Financial Services
  • August 16th, 2019
  • Exito

How to build a Customer Centric Culture | By Naveen Bachwani.

Naveen Bachwani is an expert in improving how businesses interact with customers and transforming their operations, bringing over twenty years of experience across various types of companies, from large corporations to small startups.

In my role as a consultant or employee, I’ve played a key part in establishing the culture within numerous organizations, ranging from small startups to massive enterprises with more than 10,000 employees. Building a culture is always challenging, but it doesn’t have to be excessively difficult.

Most organizations prioritize sales as their primary focus. This approach helps them survive during tough times and thrive when experiencing growth. So, it’s not surprising to encounter the argument that, “We’ve been a sales-focused organization for over a decade,” when transitioning towards customer-centricity.

What’s problematic about this perspective? Why is it seen as hindering customer-centric behavior? Here’s what typically unfolds…

If any Customer Experience (CX) metrics are in place, a select few individuals in the central or enterprise team take CX seriously. They review reports, gather additional information from customer touchpoints, identify emerging issues from the data, and devise solutions, often from their centralized positions, before implementing new policies or processes across the organization.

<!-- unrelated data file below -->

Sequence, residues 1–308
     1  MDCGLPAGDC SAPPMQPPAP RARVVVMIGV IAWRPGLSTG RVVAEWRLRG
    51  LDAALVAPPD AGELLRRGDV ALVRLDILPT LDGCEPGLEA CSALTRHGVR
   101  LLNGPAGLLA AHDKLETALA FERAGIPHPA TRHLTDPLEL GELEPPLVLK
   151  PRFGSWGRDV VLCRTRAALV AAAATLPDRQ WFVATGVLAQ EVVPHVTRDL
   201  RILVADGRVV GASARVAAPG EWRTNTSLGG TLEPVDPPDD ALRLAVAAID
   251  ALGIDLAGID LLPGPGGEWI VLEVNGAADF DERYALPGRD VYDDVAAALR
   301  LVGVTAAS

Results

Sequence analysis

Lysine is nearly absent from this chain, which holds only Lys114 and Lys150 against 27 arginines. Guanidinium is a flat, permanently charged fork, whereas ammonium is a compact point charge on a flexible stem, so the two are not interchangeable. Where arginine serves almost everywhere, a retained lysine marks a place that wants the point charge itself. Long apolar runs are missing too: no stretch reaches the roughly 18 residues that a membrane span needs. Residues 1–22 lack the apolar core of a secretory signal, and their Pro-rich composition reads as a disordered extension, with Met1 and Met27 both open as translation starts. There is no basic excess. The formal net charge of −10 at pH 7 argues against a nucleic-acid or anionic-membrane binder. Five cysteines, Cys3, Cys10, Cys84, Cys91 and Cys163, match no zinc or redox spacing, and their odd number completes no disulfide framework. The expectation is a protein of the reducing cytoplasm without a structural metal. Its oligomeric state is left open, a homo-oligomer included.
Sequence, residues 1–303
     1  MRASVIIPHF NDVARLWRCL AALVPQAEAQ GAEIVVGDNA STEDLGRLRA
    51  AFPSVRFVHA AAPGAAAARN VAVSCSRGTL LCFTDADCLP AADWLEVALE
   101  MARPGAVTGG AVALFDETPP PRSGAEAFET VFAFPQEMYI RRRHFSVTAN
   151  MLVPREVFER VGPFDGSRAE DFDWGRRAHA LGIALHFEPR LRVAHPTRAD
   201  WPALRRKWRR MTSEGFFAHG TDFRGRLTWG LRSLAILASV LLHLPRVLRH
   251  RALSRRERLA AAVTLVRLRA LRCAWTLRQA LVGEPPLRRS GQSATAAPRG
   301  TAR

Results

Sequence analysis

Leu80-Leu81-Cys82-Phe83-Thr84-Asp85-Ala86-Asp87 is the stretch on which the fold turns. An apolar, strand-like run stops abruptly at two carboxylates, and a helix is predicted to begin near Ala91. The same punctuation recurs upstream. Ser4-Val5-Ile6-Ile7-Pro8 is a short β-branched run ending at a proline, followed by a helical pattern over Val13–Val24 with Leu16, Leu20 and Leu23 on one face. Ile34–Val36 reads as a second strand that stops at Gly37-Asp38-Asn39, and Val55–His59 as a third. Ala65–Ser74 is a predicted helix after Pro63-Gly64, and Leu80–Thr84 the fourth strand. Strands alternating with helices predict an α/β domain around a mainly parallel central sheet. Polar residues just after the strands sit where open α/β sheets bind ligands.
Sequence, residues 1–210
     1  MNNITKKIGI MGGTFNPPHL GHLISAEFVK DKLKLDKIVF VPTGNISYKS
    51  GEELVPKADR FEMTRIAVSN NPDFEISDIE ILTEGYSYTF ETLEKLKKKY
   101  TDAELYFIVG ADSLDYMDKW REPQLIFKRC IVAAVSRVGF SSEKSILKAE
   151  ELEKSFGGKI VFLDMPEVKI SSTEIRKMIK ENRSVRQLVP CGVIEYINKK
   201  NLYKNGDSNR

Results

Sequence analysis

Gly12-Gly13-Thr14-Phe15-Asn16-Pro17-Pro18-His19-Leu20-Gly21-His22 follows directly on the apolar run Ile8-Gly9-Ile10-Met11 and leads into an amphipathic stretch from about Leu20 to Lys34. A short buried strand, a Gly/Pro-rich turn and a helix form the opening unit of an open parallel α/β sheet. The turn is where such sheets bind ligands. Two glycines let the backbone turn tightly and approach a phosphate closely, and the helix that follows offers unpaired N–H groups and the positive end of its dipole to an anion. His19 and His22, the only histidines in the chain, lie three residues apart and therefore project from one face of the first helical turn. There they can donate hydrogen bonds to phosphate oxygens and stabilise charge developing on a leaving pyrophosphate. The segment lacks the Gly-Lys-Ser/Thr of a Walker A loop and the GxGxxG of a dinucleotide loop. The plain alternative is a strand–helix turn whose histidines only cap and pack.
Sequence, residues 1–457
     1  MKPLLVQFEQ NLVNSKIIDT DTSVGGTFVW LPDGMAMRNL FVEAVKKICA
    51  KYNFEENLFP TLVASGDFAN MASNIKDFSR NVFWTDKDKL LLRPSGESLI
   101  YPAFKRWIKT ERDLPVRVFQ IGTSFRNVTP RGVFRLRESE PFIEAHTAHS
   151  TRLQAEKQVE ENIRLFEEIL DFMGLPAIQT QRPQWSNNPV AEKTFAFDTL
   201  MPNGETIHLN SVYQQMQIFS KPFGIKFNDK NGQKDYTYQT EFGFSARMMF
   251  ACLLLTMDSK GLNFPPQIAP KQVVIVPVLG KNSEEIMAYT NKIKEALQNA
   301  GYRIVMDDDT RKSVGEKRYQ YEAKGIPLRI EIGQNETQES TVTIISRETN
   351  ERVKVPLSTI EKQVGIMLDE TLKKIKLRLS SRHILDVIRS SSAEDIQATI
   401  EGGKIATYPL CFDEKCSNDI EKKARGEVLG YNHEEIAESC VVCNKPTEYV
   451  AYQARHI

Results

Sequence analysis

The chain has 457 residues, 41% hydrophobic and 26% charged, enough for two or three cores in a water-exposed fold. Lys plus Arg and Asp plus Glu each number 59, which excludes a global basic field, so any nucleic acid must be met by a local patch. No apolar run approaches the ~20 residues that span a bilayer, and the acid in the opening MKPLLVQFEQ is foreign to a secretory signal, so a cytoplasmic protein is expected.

In more advanced teams, where the CEO or Business Head directly engages with the workforce and prioritizes CX, periodic emails are sent from their desk emphasizing the importance of the customer and how this new focus on customer-centricity will shape the organization’s strategy moving forward.

Even more evolved organizations may establish a “Customer Council” responsible for overseeing all customer-related matters. This council becomes the driving force behind setting priorities, conducting needs assessments, and implementing new projects and process improvements.

Is it any wonder that establishing a CX culture, or any culture for that matter, is a challenging endeavor?

While it’s important for the CEO or Business Head to define priorities for the team, who ensures that too many “top priorities” aren’t rolled out too frequently?

Customer-centricity is crucial for staying competitive in any business, so why not involve frontline employees in defining what it means to be customer-centric? Why not collaborate with them to identify problems and solutions? After all, they are the ones closest to the customer.

If your organization is sales-focused, why introduce unfamiliar terminology to the team? Why not refer to it as a “Sales Council” instead of a “Customer Council” and make a genuine effort to help Sales leaders understand that Sales and CX are aligned?

Why should Sales and CX be at odds when an improved customer experience and enhanced customer service ultimately lead to increased sales? And why should any function within the organization be at odds with this approach?

Senior leaders often assume that skills and training programs are primarily for frontline employees and not for themselves. However, they can learn valuable insights from both their field force and their customers. Personally, I’ve gained significant insights from conversations with customers and frontline employees who directly serve them. They know what’s working and what isn’t.

Awareness works both ways. Only when we acknowledge this truth can we truly understand what’s needed both within and outside the organization. And only then can we contribute to shaping the culture of the world we inhabit.

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